Objectivity in academia tends to have a higher status than subjectivity, but this is not universally true and it certainly need not be true of student feedback. John Locke proposed that objects have primary and secondary qualities. The primary qualities of an object are the properties that can be objectively measured: size, shape, number etc. Secondary qualities relate to the way that we experience the world and involve our subjective interpretation of an object: colour, taste, sound etc. Here we have the separation of objectivity and experience. We can see this in the art world where a painting is not assessed by its size but by something less tangible.

Visitors to the Louvre typically spend three hours in the museum and follow a well-worn path, taking in the Venus de Milo, the Mona Lisa and The Wounded Cuirassier (Yoshimura et al, 2014). As they huddle together at the Mona Lisa, with its estimated value of over £1 Billion, visitors tends to be taken by how small it is (77cm x 53cm). If the Mona Lisa were valued only by its primary qualities then we could easily cost the price of some oil paints, a wooden panel and a nice oak frame. We could even factor in the hourly rate of the artist, transportation costs, marketing costs and any mark-up added by intermediaries. You don’t need a calculator to see that this is unlikely to add up to £1 Billion; therefore, we must assume that the value of the Mona Lisa is based on secondary qualities. There is the argument that the worth of any object is simply what someone is willing to pay for it but this itself is driven by subjective factors.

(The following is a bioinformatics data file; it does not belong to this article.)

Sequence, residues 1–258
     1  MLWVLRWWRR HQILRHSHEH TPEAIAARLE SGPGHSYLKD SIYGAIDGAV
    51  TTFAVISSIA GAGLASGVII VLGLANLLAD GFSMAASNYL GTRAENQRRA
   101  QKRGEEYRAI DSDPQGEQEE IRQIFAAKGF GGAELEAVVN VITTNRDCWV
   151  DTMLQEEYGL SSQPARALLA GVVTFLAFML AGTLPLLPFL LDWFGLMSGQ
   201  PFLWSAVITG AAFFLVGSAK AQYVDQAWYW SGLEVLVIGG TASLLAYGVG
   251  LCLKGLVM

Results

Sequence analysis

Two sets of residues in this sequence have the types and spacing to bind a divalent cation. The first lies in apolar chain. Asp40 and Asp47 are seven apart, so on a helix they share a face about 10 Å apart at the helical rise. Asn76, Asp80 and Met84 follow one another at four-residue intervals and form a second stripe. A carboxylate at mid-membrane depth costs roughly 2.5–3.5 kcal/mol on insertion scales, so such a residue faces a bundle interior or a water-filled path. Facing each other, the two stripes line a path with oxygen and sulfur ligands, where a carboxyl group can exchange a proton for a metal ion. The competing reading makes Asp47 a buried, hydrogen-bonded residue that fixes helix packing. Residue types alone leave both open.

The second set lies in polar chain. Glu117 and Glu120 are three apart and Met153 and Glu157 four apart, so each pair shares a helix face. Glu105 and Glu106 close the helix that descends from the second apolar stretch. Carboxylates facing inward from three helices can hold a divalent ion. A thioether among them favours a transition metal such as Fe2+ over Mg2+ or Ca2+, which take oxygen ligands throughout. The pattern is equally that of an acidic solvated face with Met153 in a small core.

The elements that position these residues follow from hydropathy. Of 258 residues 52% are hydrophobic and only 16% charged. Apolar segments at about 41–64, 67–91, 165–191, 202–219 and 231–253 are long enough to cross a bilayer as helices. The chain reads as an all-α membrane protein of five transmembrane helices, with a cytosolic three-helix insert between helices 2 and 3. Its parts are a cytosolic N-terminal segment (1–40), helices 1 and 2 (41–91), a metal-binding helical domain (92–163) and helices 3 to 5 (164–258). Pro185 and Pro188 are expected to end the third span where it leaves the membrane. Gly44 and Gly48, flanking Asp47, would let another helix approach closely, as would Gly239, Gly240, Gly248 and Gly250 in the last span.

Higher Education has certain primary qualities. Degrees are divided into years; years are made up of various units; lectures last a certain time, as do tutorials, seminars and classes; exams are timed; essays have word counts, and the final output is a degree classification. But students are not automatons who ‘clockworkily’ move through the system. Students do not just attend a lecture, they experience it. Students do not just sit an exam, they experience it. And students do not just go to university- it is a holistic experience. The secondary qualities of Higher Education are actually central facets. Therefore, when students feedback subjective insights, they should be actively listened to.